Stereo Recording Systems

In order to select the technique with which we will work, first, we must consider some details such as budget, available equipment, and music style; having this clear we can make a decision on the system that best suits and works to the circumstances that we face.

There are 4 basic elements to choose a technique:

  • Microphone polar pattern: omnidirectional, cardioid, hypercardiod, supercardiod, bidirectional.
  • Distance between the microphones (d)
  • Angle between the microphones
  • The distance between the sound source and the recording system. (D)

From there arise some of the best-known stereo recording systems, such as:

  • XY (Blumein)
  • AB
  • Equivalent stereo (ORTF, NOS, EBS)


There is a relationship of the position in which a virtual source appears between a pair of speakers and the difference in sound intensity (in dB) for a stereo signal. This variation is achieved in stereo recording systems through the four elements previously discussed: polar pattern, position, the angle between the microphones and distance to the source. (Recall that we are talking about stereo recording techniques)

For example, we know that to get a virtual source to be 100% towards one of the speakers, the difference must be 18dB (1.5 ms), 75% is 11dB, 50% is 6.5dB, 25% is of 3dB and 0dB to be completely at the center.

These differences in level (dB) or in time (ms) can be achieved by manipulating the distance and / or the angle between the microphones, so that the sound that arrives at each of the microphones’ capsules of the system is translated in different images in the speakers, with different positions and image widths of the virtual sources.

For example, when the microphones are brought closer to the source, the image becomes louder in the speakers. Or if the angle between the axis´ of the microphones of an XY system is reduced, the image decreases because the recording area becomes larger. In the same way, we can observe image differences between each of the systems AB vs. XY vs. equivalent.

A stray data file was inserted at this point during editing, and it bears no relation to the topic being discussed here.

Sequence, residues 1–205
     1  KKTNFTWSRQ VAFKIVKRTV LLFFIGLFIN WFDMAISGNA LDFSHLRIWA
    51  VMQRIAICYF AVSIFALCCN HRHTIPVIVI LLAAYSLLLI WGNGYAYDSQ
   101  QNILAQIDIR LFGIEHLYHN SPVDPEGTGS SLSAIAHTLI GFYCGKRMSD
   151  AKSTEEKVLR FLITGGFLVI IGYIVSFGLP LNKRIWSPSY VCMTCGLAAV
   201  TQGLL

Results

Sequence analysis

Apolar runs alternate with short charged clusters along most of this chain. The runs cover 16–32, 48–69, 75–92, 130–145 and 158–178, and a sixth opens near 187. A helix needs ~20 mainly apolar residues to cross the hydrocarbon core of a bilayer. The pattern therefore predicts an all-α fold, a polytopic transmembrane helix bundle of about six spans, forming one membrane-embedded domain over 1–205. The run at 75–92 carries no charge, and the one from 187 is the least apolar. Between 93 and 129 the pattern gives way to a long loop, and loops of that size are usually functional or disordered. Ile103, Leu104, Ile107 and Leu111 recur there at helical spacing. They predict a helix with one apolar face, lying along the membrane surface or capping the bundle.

The image of the orchestra represented above shows an extreme example of how the results may vary according to the chosen configuration; however, this does not mean that whenever we select an AB stereo recording system we will obtain an image that comes from the left and right ends. The right of the loud speakers, or that by choosing a matching system, a concentrated image will be obtained in the center of the loud speakers. Everything depends on the selected parameters (polar pattern, angle, distance between the microphones and distance between the source) for each configuration.

Specifically, if we compare an XY system with a cardioid polar pattern vs an AB one, we might hear:


I invite you to listen and select your favorite stereo recording system, making variations in the polar patterns, distances, and angles of the recording systems.

I take this opportunity to thank the person to whom I owe this knowledge, whom I greatly appreciate and admire, Thorsten Weigelt.

Additional notes:

Below you will find a list of the specifications of the most well-known established stereo recording systems.

  • Blumein: bidirectional polar pattern, a 90º angle between the microphones, there is no distance between the microphones.
  • ORTF: cardioid polar pattern, a 110º angle between the microphones, 17 cm distance between the microphones.
  • NOS: cardioid polar pattern, a 90º angle between the microphones, 30 cm distance between the microphones.
  • EBS: polar pattern cardioids, a 90º angle between the microphones, 25 cm distance between the microphones.
  • DIN: cardioids polar pattern, a 90º angle between the microphones, 20 cm distance between the microphones.
  • RAI: polar pattern cardioids, a 100º angle between the microphones, 21 cm distance between the microphones.
  • OLSON: polar pattern cardioids, a 135º angle between the microphones, 20 cm distance between the microphones.

Andrea Arenas: I’m a sound engineer. My first approach to music was through percussion since I was 10 years old. I graduated electronic engineer and dedicated to audio since 2006.  I also have composing studies and crazy love for music.

Nizarindani Sopeña: A journalist by the National Autonomous University of Mexico (UNAM), a specialist in subjects of the cultural field. Publisher since ten years of Sound: check Magazine, a Mexican publication aimed at professionals in the entertainment industry in Latin America and the world


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